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Acupuncturist offers 'new medicine'

Mar 27, 2014 - By Alejandra Silva, Staff Writer

Alisha Bynum says the practice can be used to treat a variety of health conditions.

When there's no other medicine or procedure that can eliminate persistant back pain, headaches, insomnia or stress, Alisha Bynum said she hopes Riverton residents pay her a visit.

Three months ago, Bynum, a licensed acupuncturist, set up her services at Sweet Grass Acupuncture and Wellness at 604 W. Main St. in Riverton.

She calls her practice "integrative medicine for county 10," and she already has formed a small clientele.

Bynum grew up in Riverton and completed her undergraduate studies at Montana State University. She then attended Southwest Acupuncture College in Boulder, Colo., and graduated in August.

She made a career change from advertising to acupuncture when she discovered she had an interest in health care.

"I wanted to start helping people in this community," Bynum said.

She said most people are reluctant to try a procedure that inserts needles into the skin. Others are more open to the practice, which uses needles to stimulate certain points to alleviate functional disorders or chronic problems.

Bynum said she offers consultations and invites those who are interested to visit with her so she can explain the procedure.

"It's still a new medicine around here," she said. "Acupuncture is a great partner for Western medicine."

Bynum said acupuncture can be used for numerous conditions such as stomachache, stress, anxiety, neck and back pain, digestive issues, menstrual cramps, fertility, sleeping disorders, sciatic nerve pain, migraines, sprains, strains, colds and sore throats. This type of pain management comes from a traditional Chinese medicine practice that serves as a "great complementary medicine," Bynum said.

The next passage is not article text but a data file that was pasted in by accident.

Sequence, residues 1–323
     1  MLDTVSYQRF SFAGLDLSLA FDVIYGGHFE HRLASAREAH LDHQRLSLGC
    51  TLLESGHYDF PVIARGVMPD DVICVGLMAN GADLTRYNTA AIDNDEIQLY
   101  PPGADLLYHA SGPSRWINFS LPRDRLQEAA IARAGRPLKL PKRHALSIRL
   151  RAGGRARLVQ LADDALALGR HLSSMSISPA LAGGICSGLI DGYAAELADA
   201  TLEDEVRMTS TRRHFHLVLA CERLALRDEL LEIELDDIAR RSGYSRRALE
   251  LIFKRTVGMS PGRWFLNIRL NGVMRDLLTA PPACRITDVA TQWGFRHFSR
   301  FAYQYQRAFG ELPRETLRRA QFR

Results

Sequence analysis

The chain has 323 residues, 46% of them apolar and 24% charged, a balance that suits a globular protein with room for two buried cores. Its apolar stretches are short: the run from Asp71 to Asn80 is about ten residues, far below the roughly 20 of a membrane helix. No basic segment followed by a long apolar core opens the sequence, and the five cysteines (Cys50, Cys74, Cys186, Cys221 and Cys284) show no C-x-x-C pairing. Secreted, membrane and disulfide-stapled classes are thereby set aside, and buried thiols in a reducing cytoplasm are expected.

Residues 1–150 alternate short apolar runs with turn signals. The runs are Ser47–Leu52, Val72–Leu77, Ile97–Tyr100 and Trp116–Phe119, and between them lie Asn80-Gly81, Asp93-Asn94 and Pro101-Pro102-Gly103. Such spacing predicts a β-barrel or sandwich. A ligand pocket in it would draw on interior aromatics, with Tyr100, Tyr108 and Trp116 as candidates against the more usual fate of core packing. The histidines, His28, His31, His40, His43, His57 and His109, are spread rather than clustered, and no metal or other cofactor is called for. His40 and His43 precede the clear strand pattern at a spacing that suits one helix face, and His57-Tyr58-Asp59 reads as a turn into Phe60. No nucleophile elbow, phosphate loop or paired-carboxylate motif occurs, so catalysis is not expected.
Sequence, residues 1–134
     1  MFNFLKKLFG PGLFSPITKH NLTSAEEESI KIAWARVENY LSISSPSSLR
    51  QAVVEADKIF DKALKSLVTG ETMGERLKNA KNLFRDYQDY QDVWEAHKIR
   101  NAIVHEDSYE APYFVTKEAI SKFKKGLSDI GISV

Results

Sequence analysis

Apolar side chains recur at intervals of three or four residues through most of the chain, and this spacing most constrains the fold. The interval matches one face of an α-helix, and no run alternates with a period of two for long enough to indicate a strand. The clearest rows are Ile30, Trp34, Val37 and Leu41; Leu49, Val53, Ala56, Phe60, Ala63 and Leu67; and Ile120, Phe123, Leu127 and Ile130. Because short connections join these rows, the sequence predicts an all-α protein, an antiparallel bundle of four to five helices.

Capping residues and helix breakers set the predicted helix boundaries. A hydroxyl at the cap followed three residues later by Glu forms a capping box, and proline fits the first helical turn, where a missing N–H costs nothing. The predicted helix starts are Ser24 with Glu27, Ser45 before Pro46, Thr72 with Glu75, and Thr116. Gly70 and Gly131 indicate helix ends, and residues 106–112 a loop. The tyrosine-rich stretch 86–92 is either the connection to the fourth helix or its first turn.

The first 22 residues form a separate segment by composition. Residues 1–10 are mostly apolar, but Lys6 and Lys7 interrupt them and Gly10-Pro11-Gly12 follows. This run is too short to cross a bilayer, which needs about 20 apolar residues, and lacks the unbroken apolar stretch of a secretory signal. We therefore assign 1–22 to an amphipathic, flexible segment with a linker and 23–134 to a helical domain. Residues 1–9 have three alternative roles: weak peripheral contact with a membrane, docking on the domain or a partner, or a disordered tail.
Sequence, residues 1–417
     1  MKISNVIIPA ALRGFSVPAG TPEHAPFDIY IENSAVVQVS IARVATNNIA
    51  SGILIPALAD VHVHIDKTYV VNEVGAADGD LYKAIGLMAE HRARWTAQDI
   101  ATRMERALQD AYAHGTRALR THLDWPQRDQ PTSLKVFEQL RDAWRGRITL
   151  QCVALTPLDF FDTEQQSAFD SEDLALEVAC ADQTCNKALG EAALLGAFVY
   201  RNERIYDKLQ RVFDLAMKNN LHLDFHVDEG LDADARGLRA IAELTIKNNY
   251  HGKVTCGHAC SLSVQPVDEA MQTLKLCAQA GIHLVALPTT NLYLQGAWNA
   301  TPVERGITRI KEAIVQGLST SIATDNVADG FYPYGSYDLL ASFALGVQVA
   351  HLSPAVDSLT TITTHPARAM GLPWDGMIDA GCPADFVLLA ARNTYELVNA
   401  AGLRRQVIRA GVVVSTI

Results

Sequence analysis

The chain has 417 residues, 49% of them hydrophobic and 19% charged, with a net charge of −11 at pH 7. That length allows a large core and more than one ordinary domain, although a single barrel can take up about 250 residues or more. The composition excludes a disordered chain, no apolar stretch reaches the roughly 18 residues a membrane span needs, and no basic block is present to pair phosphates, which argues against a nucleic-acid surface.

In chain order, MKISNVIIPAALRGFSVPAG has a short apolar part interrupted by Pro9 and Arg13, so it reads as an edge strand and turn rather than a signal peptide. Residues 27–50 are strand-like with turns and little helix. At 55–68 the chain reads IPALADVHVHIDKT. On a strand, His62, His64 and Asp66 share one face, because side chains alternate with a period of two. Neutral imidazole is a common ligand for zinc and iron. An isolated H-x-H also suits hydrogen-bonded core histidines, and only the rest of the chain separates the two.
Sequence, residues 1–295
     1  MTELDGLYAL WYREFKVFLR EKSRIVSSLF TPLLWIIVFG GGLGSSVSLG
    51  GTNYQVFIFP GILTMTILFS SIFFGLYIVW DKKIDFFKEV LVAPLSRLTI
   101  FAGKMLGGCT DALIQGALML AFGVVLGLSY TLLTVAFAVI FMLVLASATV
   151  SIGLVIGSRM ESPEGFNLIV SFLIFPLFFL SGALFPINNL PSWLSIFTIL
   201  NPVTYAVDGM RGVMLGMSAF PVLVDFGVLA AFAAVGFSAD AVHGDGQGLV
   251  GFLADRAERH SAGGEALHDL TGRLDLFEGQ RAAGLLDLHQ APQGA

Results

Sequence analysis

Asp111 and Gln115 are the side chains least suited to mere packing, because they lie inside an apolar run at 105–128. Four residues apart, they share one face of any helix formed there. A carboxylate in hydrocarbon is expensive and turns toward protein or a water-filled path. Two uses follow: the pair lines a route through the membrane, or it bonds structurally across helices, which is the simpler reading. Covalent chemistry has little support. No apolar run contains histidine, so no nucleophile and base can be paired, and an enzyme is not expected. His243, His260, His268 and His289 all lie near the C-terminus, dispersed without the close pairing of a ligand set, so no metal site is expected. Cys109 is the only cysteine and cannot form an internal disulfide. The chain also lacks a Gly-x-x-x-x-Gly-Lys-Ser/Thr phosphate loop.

Acupuncture can be rendered to adults, children, elders and, in many cases, pregnant women.

Process

The filiform needles are small, fine, flexible needles that usually stay in the skin for roughly 10 minutes. Depending on what's being treated, the patient usually can rollover after the 10 minutes and have new ones placed on the other side of the body.

Most stimulation points are below the elbows and knees or in the back.

"It's beneficial because it balances the whole body," Bynum said. "They're so thin most people don't even feel it when (I) put it in."

Unless the person has a "tight spot" or an accumulated muscle mass inflammation, they will not feel the needles. She said the person has to be in a relaxed state.

Patient Amanda Schooner said she visited Bynum because she was experiencing back pain as she recovered from surgery. Schooner described the process as relieving and a "detox from all the meds."

"It feels like she's tapping me on my back," Schooner said.

Some patients Bynum treats do not return because her treatments usually fixes the problem, Bynum said. On the other hand, several treatments may be needed, she said, especially if an injury has gone untreated for a long time. Many of her patients are ranchers or cowboys who she said work hard and get injured.

"One guy got kicked in the chest by a cow," Bynum said. "It's really good for increasing blood circulation and decreasing inflammation."

Other patients have no injuries to treat and simply use the sessions as a proactive health practice.

Needles are not Bynum's only method of treatment. She also performs a procedure known as cupping that uses glass cups that give a "reverse massage" when heat is added, she said. This procedure helps with soreness.

Another procedure called moxibustion applies heat instead of needles to the same areas used in acupuncture. The practice treats arthritis, injuries and obstetrics and gynecology-related issues. Bynum said she also hopes to grow herbal medicine in Riverton.

"I can mix custom formulas for people," she said. "It extends and reinforces the acupuncture treatment to bolster your health."

Insurance coverage depends on the individual's health plan. Bynum said worker's compensation usually covers treatments and many people use their health savings accounts to cover the cost. Bynum also said more doctors are referring patients to acupuncture practitioners.

Her office is open from 9 a.m. to 6 p.m. Monday, Wednesday and Friday. She can be contacted at 856-8800, and she encourages new patients to visit sweetgrassacu.com.

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